Throughout the $2.6 million production — originally scheduled for just eight weeks — Welles would halt filming to nip off to shoot other TV and movie projects and commercials to help finance TOSOTW. While also battling his own not-inconsiderable tax problems, he entered into deals with a number of nontraditional film financiers. And one of the film’s European backers legendarily embezzled hundreds of thousands of dollars from its budget. Adding to the already disorientating quality of his guerrilla filmmaking — shooting without location permits, enlisting unpaid film students and interns for the majority of his below-the-line workers — the director encouraged the actors to veer away from the script whenever they felt like it. “John, just read the lines or forget them and say what you please. The idea is all that matters,” Welles is quoted as having told Huston — spawning such dialogue doozies as Huston’s arch assertion that, “It’s all right to borrow from one another, what we must never do is borrow from ourselves!” And a self-serious journalist character asks Hannaford from the back of a convertible, “Is the camera a reflection of reality, or is reality a reflection of the camera eye? Or is the camera a phallus?” (Most of the action takes place at Hannaford’s 70th birthday party, where he screens The Other Side of the Wind for friends, sycophants, reporters, and Hollywood hangers-on on what turns out to be the final day of his life.)

Once the cameras stopped rolling, though, no one could have predicted that the trove of more than a thousand reels of film would not be seen again for over 40 years. In 1975, Welles edited part of the film within the film together to be screened at an American Film Institute lifetime achievement tribute to his work — but also as a kind of sizzle reel for potential investors to drum up funds to finish the movie. That money never came. And The Other Side of the Wind became locked in a legal imbroglio, thanks to a dodgy production deal Welles had struck with the French company Les Films d’Astrophore (owned by none other than Mehdi Bushehri, the brother-in-law of the Shah of Iran). The company attempted to reduce his profit participation in the film and wrest away final cut. Welles, for his part, spent the rest of his life fighting for control of the film and searching for funds to complete it; he died in 1985 at age 70.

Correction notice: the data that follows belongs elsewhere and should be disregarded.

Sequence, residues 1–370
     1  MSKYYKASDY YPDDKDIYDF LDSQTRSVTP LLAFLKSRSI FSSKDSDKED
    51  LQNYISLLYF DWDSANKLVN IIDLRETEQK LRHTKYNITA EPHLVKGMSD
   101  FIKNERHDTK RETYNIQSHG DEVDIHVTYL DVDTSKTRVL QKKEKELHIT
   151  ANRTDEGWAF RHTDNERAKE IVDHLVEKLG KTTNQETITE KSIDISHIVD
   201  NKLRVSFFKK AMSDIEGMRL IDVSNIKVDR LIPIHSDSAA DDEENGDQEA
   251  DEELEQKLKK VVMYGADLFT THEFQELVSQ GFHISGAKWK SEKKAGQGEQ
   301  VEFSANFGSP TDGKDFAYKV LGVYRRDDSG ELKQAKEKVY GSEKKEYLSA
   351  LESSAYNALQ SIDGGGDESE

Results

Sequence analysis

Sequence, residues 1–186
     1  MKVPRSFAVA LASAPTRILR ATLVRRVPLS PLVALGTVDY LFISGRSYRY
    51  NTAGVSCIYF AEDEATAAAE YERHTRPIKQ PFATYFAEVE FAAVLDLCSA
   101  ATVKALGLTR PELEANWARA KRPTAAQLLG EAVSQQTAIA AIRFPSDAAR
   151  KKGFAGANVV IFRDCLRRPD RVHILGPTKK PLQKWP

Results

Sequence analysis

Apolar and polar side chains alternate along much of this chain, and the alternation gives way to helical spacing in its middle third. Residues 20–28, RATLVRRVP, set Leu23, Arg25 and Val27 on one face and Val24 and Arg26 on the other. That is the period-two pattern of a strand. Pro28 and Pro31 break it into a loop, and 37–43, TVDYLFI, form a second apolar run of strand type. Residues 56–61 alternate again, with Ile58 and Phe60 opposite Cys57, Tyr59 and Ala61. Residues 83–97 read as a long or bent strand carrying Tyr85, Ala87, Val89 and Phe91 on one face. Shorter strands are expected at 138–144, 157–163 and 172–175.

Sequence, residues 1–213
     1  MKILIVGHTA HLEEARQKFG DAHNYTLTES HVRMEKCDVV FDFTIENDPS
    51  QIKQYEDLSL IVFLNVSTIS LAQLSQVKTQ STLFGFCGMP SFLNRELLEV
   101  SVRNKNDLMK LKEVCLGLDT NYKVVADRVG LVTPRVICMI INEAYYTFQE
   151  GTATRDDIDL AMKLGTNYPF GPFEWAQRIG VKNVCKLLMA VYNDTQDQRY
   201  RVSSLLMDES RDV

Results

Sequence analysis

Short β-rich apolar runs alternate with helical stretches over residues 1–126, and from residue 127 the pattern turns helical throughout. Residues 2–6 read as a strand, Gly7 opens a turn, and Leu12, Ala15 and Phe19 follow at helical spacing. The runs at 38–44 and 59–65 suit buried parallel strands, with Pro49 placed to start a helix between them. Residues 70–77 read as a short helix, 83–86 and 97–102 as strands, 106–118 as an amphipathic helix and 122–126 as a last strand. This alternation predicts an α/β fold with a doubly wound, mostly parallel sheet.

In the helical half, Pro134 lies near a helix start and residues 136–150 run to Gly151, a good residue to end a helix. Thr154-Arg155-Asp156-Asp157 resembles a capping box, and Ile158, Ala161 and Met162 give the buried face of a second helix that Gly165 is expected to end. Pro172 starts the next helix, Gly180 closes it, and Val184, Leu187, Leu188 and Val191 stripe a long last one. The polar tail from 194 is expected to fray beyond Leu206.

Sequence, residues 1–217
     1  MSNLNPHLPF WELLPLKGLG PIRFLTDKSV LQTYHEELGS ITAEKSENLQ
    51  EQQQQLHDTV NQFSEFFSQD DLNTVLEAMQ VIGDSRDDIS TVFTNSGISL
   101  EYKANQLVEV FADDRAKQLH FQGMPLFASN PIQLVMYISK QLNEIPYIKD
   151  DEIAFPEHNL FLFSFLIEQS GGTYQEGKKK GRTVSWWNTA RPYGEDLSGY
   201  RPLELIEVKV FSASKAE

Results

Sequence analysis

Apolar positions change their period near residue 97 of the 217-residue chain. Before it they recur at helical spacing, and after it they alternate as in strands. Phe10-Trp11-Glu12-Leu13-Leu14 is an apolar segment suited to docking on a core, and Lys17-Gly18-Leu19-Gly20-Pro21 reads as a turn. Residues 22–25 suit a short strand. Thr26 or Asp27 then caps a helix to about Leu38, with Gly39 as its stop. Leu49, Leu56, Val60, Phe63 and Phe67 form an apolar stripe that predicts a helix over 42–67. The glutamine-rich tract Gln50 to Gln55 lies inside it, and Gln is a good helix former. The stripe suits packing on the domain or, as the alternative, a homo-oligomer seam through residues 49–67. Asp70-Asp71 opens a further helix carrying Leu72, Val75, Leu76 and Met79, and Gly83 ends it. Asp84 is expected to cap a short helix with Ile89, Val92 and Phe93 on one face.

In the intervening years, TOSOTW cinematographer Gary Graver, a longtime confidante of Welles, made it his mission in life to finish the movie, only to come up short again and again against the vagaries of French copyright laws, complex ownership disagreements, and grudges among a cast of characters who all claimed some legal or artistic right to control the fate of Wind. After Graver died in 2006, his good friend Frank Marshall — by then one of Hollywood’s most successful producers, behind such blockbuster franchises as The Bourne Identity, Indiana Jones and the Temple of Doom and Back to the Future — took up the torch.

And around 2008, he joined forces with Filip Jan Rymsza, a Polish-born writer-director-producer who first became aware of The Other Side of the Wind by reading a Vanity Fair feature about its legendarily convoluted production. Rymsza took on the crucial task of establishing a chain of title for the film — a historical ownership timeline documenting proprietary rights to an intellectual property — spending roughly four years conducting audits and combing through records to assemble a 300-page document cataloguing every historical rights transfer.

It fell to Rymsza to broker peace between the three warring factions responsible for the film staying in France: Oja Kodar (to whom the director had willed the movie); Welles’s daughter Beatrice (who staked her claim to Wind under France’s Napoleonic law that dictates “blood can’t be willed away,” according to Rymsza); and Film d’Astrophore. “The judge said that nobody can move until all three parties have signatures for release — but he wouldn’t specify who controlled what percentage of the film,” Rymsza recalls. “So that’s when everything got really complicated. It was very difficult to really assess the ownership of it. But also there were these three parties and none of them were speaking to each other.”